3. Or the wine’s not available in that state, and it’s a non-reciprocal (to boot)… to reiterate what Sean C has just written. — jo

  4. Rightly or wrongly, I think many winery owners pre-judge reviewers and journals as to the style of wine they like. If an owner reads review in a magazine criticizing a Riesling for being too lean and austere and another magazine lavishes praise on the same wine as minerally with firm acidity this creates an impression of the style of wine each magazine prefers.

    Taken one step further, what if that winery owner makes a wine that he/she thinks is similar to the wine just reviewed. Well it would be logical to send to only the one that appers to like the style offered.

    It’s not about A or D list, but about the perception of how receptive the reviewer will be to a given wine or style. Since almost all wines receive different scores from different reviewers(some dramatically different) then it makes sense that wineries are guessing at where they will do best.

    If a winery makes a 15% alc Zin and the reviewer has written scathing critiques of high alc Zins in the past, then the winery would be crazy to send the wines to this reviewer.

  5. As an itsy bitsy winery owner, I submitted wines to a few competitions. Lots of money on wine, shipping, and entry fees. Won some medals. Found out most end consumers and retailers don’t care about medals (at least the retail shelf consumers – I’m not licensed for a tasting room) – they care about point ratings from reviewers.

    So I went to submit them to the big three…

    * Wine Advocate… couldn’t find submission guidelines anywhere. Made some calls to what phone numbers I could find and left voice mails, none returned.
    * Wine Spectator… couldn’t find submission guidelines anywhere. Made call to central number, routed to person in charge of submissions. Left a few voice mails, none returned.
    * Wine Enthusiast… found submission guidelines online (instructions, forms, address, etc.). Sent in the wines. Half were reviewed.

    So, many kudos from me to Wine Enthusiast and Steve for actually making it even possible to submit wines for review!

  6. Rusty Eddy says:

    I’m a PR guy that works for a marketing company (not the one mentioned in the blog) and I have to say that sending samples, both to writers and competitions, takes a lot of time and effort. Much of the time is spent on building a new samples list each time a new wine is released. I don’t have one list of writers that receives everything because some wines aren’t sold everywhere, some writers don’t want to receive samples without first being queried, and some writers don’t cover wines from a particular region or country. And there’s always attrition and additions to the list. Building a new list every time is a good way to keep the general media list as up to date as possible.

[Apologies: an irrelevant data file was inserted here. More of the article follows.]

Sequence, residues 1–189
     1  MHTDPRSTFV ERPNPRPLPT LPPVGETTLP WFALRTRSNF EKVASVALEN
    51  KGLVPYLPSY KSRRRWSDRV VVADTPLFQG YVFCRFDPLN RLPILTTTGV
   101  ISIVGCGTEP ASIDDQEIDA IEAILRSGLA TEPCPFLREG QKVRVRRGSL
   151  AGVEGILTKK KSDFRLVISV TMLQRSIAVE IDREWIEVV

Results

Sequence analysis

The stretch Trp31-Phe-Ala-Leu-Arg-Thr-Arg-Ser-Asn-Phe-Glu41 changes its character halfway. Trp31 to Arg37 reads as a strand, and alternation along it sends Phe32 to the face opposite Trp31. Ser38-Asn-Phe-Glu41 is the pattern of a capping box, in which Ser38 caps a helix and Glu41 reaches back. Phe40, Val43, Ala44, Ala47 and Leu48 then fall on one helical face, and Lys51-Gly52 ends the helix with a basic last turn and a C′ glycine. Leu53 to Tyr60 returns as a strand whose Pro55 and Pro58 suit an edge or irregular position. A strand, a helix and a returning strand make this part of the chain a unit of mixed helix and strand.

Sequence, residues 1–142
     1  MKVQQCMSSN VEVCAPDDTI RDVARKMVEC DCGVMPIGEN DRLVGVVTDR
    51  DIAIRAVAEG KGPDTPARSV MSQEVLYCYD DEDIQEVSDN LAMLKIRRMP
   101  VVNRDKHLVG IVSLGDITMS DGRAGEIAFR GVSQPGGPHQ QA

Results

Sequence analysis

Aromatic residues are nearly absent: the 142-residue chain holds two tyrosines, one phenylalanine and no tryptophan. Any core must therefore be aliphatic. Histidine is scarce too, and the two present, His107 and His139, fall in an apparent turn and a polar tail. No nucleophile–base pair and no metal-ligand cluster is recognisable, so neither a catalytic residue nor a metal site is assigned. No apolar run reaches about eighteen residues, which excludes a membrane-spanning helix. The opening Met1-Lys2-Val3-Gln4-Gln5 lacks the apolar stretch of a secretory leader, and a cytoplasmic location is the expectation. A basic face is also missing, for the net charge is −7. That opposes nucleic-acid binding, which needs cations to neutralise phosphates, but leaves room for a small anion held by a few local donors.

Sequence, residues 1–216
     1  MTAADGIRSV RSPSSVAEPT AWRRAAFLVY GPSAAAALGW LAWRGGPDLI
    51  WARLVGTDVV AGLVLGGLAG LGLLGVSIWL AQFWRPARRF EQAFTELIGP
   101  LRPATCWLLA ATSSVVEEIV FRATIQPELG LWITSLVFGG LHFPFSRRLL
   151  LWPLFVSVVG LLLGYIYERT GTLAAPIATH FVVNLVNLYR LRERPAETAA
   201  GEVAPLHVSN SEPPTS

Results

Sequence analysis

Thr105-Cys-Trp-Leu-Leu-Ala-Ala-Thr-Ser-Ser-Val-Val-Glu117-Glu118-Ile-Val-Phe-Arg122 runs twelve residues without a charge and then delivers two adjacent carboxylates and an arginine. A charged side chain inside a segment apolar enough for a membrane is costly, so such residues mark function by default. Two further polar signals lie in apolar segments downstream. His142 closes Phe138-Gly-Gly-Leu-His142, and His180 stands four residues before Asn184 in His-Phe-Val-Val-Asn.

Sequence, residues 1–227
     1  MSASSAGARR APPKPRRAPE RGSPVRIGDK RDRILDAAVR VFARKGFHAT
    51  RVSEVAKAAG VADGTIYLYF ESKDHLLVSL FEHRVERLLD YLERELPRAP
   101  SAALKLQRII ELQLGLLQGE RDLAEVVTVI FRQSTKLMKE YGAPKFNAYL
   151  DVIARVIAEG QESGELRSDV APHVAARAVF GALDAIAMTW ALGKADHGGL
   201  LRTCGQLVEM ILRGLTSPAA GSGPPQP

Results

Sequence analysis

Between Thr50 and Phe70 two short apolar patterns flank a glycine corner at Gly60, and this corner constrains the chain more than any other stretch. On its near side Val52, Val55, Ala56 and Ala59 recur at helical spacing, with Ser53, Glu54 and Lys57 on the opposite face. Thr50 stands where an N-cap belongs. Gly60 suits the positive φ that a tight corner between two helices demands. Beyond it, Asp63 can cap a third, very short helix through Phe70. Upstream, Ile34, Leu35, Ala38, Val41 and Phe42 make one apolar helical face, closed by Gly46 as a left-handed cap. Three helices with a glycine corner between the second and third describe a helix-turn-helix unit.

7. Readers, please note: Eric was not paid. Thank you Eric. We try very hard at Wine Enthusiast to make the process simple and transparent. And as most of you know, if you call me, I answer the phone — not some secretary who screens you out.

  8. As someone who makes in wine the “other than CA / WA / OR” area I’ve always wondered whether wine critics would ever heap praise on a wine from an unknown area. Could this be the kiss of death for a critic? This is such a fashionable and fickle industry that it seems unlikely that an unestablished writer would do something so brash as to praise a wine from an unknown region. I hope I’m wrong though.

  9. Steve, do you know if this winery owner has taken up issue with the company that misinformed him? The truly concerning question is where did that wine go if not to you and the other publications?

  10. Dylan, I don’t know. And I don’t have the time or energy to invest to find out.

  11. Jason, I would happily give a high score to an “unknown region.” However, my job at Wine Enthusiast is only for California wines.

  12. Some of the people on this list send me samples. Some don’t. When I start tasting for a new issue, I go around to wine stores with my inventory list and buy the wines I don’t have, which is typically a majority of what gets tasted and reported on.

    I often wonder about the whys and wherefores of the wines I receive and don’t receive. There is no obvious pattern and I suppose that each winery has its own reasons. Steve complained about a wine that Connoisseurs’ Guide reviewed and that he had never seen. Without knowing the name of the winery, I have no idea whether it was a sample or one we bought. But, then Eric lists the so-called “Big Three” as folks to whom he sends wine, and clearly, Connoisseurs’ Guide is not one of them. Never has been. Never will be.

    So, it is random, and I am flattered when wineries think of us–and I buy their wines when they don’t or don’t need us. And like Steve, I taste them all blind and don’t care one way or the other where they came from.